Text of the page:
Toll Free Number 1800 103 2456

Frequently Asked Questions (FAQ)

Did You Know?

The first human milk bank in Asia was opened in Mumbai at the Lokmanya Tilak Hospital (Sion Hospital) over 25 years ago.

In the absence of mother’s own milk pasteurized donor milk offers similar benefits for the infant. It significantly reduces the incidence of necrotizing enterocolitis (NEC), premature death and helps in the overall well-being of the baby.

If you are currently nursing your little one and having surplus milk after feeding your child, you can be a donor. We also recommend to wait until your baby completes at least 1 months of age before beginning milk donation.

Once we receive your application we will review and get in touch within 3-4 business days.

Its mandatory to get the blood test done. These are standard screening tests which ensure that the sick babies receiving the milk have access to safe and complete nutrition.

No, you don’t have to pay for this test. We will arrange for blood sample collection and share the results with you.

Not at all. Once the blood test results are shared, you become a qualified donor. You can start donating whenever you’re comfortable. Please bear in mind, that we can collect milk only till your baby reaches 6 months of age.

No. We invite right-minded mothers to collaborate with us, who understand the importance of human milk especially for sick babies who don’t have access to their own mother’s milk. This excess milk would have been anyways discarded by the donor mothers.

We will supply collection bottles along with storage guidelines. You can also talk to us if you need any help and we will be happy to help you.

Once the milk is collected from you its transported through cold chain logistics to our processing facility.

The collected milk is stored in a deep freezer room of -20 degrees until processing. It goes through a stringent pre-pasteurization testing and then pasteurized using the specialized proprietary equipment. After pasteurization, the milk goes through another level of QA testing and then are stored in deep frozen (under -18 degrees) condition.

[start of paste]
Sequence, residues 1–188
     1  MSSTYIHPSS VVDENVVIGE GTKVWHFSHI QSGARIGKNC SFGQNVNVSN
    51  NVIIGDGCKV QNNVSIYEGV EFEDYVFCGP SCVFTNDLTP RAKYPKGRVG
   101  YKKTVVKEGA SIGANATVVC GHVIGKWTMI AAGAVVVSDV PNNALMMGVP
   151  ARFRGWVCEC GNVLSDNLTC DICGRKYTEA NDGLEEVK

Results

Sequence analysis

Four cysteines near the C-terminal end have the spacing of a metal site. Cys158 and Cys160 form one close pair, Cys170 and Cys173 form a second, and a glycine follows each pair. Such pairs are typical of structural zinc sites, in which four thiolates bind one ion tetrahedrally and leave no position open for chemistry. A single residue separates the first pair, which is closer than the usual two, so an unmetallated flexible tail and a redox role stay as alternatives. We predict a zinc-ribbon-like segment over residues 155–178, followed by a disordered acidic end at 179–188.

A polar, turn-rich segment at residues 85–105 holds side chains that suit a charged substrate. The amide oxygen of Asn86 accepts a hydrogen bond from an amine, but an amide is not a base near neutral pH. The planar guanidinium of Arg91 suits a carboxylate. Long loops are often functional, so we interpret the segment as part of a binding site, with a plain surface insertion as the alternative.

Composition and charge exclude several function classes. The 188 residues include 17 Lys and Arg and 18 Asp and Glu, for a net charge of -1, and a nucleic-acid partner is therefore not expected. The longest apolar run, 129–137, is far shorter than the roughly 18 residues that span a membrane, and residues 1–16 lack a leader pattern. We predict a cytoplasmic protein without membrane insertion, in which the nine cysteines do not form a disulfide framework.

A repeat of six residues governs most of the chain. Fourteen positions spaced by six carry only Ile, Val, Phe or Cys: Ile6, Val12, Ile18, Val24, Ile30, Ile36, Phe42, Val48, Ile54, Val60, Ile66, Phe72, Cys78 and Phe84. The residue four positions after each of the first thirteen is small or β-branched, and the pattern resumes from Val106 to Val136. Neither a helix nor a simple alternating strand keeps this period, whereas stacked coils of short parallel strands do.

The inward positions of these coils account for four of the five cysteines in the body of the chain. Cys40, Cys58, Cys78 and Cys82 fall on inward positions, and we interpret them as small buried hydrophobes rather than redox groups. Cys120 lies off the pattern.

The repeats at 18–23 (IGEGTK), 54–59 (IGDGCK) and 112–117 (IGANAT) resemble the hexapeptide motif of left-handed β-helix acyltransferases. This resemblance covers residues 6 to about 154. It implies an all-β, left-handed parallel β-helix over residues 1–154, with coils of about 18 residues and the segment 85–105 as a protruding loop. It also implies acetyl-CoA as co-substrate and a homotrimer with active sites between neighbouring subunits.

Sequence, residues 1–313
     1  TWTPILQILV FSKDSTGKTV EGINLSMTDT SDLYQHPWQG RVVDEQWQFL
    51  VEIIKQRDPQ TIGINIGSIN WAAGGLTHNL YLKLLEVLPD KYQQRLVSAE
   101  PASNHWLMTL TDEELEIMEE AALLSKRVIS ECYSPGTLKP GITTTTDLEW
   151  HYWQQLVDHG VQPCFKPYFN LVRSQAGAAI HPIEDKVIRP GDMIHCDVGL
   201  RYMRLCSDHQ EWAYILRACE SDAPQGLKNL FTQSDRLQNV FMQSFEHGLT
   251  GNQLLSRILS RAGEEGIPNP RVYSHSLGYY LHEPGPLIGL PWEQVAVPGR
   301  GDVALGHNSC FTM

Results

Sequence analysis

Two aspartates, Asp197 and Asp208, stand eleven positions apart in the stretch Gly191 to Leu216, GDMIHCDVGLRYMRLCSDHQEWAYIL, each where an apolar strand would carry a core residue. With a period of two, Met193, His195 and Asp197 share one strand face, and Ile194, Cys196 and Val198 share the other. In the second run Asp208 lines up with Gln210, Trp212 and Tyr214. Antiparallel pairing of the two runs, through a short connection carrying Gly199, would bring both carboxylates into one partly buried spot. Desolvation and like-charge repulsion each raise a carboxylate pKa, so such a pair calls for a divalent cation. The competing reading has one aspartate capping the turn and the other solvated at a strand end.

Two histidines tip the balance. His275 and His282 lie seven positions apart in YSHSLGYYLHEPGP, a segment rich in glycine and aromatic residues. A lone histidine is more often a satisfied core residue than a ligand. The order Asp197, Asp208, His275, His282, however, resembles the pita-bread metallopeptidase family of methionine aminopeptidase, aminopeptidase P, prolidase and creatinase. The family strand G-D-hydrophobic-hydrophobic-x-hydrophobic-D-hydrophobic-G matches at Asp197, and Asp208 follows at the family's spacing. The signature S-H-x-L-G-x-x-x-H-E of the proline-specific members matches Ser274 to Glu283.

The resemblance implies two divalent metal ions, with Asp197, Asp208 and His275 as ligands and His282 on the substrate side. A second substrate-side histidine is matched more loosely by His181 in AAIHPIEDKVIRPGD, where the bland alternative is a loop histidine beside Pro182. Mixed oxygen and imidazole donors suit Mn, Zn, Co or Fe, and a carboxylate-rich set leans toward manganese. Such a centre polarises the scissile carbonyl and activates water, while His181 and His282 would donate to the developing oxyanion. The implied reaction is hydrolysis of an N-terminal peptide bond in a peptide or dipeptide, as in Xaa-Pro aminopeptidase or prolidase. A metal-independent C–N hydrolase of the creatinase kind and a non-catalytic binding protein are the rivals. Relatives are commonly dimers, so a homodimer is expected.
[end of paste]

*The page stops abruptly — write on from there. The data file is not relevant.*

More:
Now the milk is ready and to be dispatched as per the requirement to all over India.

Human milk is very temperature sensitive and thus needs to be stored in frozen condition. Any temperature fluctuations can cause bacterial growth in the milk. Additionally, the expressed milk can get infected due to a variety of reasons viz. when a mother is already carrying an infection, not maintaining proper hygiene or the breast pumps are not sterilized etc.

Globally, India has the highest number of preterm babies born ~ 35 Lakh each year. India needs approx. 40 Lakh liters of human milk for these preterms whereas the current supplied by the milk banks only account for 60,000 litres annually ~ 1.5% of the total demand.

When you donate to Neolacta Lifesciences, your milk will undergo the best processing technology available and will be supplied to fragile babies whose very lives may depend on getting donated milk. These are children who have been born up to 16 weeks early and may weigh 500gms at birth. Because these babies are extremely fragile and will not survive without human milk, the donated milk they receive has a large impact on the rest of their lives. 10-15 ml of milk can feed a micro preemie in the neonatal intensive care unit (NICU) for a full day. Screened and pasteurized Milk from Neolacta Lifesciences is usually the only donor milk available to these babies (informal donations are usually not an option in the NICU), and it is often in short supply.

The mothers of these tiny babies are many times ill themselves and lactation is difficult for them, or they start out with a good amount and are so stressed out with the condition of their baby that their milk supply suffers.

There are many reasons for a mother to be unable to meet her baby’s needs,

  • Mothers who have had premature babies usually face lactation issues initially.
  • A mother may be pumping for twins or triplets and not an adequate supply.
  • The stress of having a hospitalized, ill infant whom she cannot hold or directly nurse can affect milk production.
  • A mother may require medications that could pass into breast milk and be harmful to the infant.
  • A chronic infection such as HIV or HTLV or another medical condition can preclude a mother from breastfeeding.
  • A breast infection can temporarily affect a mother’s milk production.
  • A mother may be in ICU due to complications of delivery while the baby is in the NICU.